Wednesday, October 16, 2013

Webservices Security: Potential Threats to Combat

Web Services is one of the primary method of implementing SOA in highly distributed enterprise computing environments where not only the enterprise applications need to be integrated with internal applications, but also with the external systems built and operated by various business partners. That requires such services exposed beyond the trust boundaries of the enterprise and thus increasing the security threat landscape.

Securing webservices is more complicated than any other end user systems, as the webservices are built as the conduit between systems rather than human users. Most of us are very familiar with the first line of defense, namely authentication, data integrity, confidentiality and non repudiation. These are certainly critical security concerns, but there are well established tools and practices that help address these security issues. But, this it not just be enough to be contempt with solving these concerns, as the services are no longer constrained within the trust boundaries.

While other types of applications have executables that act as an outer layer and protects the application's internals, webservices don't have such outer layer and thus expose the internals to potential unforgiving hackers on the internet or intranet. Testing and securing webservices require a toolkit with abilities to act like a client or for that matter its proxy and being able to intercept, transform or manipulate the messages that are being exchanged. Having said that, the toolkits alone would not guarantee a complete solution to combat the security exposure of the webservices. There need to be an understanding of the application, context, trust boundaries etc, which will help to enumerate the potential threats that need to be managed and then use the toolkits.

In this blog, let us have a look at the potential threat categories beyond the first line of defense that an organization should be aware of and be prepared to combat. As always, the attempt is to come up with the most significant threats and not to produce an exhaustive list of such threats. Determination of the specific threats under each category requires an analysis of the application and its internals in line with the trust levels.

Privilege Escalation

Virtually all attacks attempt to do something the attacker is not privileged to do. The hacker wants to somehow leverage whatever limited privilege he has, and turn it into higher ("elevated") privilege, as a result of potentially flawed authentication and authorization mechanisms. Sometimes, hackers would exploit vulnerabilities in the internal components of the service, be it custom coded or third party components and thus gaining privileges for remote code execution or database manipulation. It is obvious that the consequences of such breach could be severe leading to financial and non financial damages.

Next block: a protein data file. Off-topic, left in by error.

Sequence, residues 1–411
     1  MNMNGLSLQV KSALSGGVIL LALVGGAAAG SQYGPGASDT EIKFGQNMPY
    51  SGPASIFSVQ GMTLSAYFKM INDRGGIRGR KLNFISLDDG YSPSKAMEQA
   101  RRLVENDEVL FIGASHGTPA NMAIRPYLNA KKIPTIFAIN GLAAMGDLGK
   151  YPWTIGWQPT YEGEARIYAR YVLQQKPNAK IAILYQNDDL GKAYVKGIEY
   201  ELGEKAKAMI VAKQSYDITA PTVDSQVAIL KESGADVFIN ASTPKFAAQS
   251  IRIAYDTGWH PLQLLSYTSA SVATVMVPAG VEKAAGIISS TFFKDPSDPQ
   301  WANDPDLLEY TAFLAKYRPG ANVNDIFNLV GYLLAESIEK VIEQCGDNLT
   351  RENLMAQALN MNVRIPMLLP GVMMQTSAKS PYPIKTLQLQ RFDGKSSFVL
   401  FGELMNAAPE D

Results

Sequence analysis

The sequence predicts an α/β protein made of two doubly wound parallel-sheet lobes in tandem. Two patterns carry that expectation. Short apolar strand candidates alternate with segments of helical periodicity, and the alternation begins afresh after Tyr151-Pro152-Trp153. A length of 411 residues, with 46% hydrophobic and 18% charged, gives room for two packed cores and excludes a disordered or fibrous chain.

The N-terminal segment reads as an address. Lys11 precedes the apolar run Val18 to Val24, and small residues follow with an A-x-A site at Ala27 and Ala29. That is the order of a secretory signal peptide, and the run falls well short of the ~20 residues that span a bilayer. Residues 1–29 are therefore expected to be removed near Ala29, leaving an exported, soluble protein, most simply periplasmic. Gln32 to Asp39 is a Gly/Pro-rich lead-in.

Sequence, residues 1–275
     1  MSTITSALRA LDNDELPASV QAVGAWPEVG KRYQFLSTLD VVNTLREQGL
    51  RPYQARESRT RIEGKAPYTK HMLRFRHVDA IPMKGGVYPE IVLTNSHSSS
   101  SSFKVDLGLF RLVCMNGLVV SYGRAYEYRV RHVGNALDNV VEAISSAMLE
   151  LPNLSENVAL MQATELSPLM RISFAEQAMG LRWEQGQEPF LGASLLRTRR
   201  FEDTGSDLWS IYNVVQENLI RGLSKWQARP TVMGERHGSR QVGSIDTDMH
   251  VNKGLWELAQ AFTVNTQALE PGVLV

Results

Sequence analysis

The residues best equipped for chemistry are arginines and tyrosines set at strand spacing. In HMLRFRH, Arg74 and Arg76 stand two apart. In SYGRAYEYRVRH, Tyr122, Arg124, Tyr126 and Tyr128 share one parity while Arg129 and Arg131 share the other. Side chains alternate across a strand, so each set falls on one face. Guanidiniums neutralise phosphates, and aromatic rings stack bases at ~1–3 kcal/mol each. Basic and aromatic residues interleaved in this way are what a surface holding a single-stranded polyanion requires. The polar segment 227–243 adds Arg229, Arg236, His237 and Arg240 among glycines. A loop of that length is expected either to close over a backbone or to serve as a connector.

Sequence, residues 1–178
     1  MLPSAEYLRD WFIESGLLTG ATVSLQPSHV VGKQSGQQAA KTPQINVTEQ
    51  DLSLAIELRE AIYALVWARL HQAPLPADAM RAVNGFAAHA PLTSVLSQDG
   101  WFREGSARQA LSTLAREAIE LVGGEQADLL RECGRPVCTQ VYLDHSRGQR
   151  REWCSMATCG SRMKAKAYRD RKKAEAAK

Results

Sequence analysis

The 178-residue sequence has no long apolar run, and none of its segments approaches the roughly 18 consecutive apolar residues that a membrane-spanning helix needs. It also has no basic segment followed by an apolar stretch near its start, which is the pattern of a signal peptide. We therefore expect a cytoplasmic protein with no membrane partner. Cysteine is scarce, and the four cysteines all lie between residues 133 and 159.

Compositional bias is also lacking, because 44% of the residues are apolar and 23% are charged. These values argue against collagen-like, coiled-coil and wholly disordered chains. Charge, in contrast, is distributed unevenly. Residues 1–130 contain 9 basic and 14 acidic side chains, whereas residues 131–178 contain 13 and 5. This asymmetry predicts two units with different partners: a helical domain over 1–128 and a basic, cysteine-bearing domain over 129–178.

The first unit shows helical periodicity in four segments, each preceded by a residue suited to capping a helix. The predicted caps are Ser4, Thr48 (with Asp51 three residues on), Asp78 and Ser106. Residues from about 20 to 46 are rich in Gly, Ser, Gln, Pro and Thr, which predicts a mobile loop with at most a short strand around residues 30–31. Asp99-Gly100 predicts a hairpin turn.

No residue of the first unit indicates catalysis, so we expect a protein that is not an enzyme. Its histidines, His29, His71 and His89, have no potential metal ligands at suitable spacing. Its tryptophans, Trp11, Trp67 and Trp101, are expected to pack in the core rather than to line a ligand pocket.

While the protection for such vulnerabilities depends on the specifics of the application and its architecture, as a general best practice, the authentication and authorization needs of each of the internal components shall be carefully established based on the least privilege principle, by considering additional contextual information like the client, location, or network in addition to the basic credentials and by implementing multiple levels of authentication within the service components can alleviate this category of threats. When third party components or run times are used, it is important to constantly apply the security patches that the vendors may release.

Denial of Service

The interoperable and loosely-coupled web services architecture, while beneficial, can be resource-intensive, and is thus susceptible to denial of service (DoS) attacks in which an attacker can use a relatively insignificant amount of resources to exhaust the computational resources of a web service. Denial of Service attack is aimed at causing impact on the availability of the underlying network, compute or storage resources for the legitimate service consumers. Given that webservices are typically used in high availability enterprise integration scenarios, even a smaller magnitude of DoS attach could cause sever disruption in all the connected systems and leading to breach of SLAs with partners and thus at times leading to financial damage as well.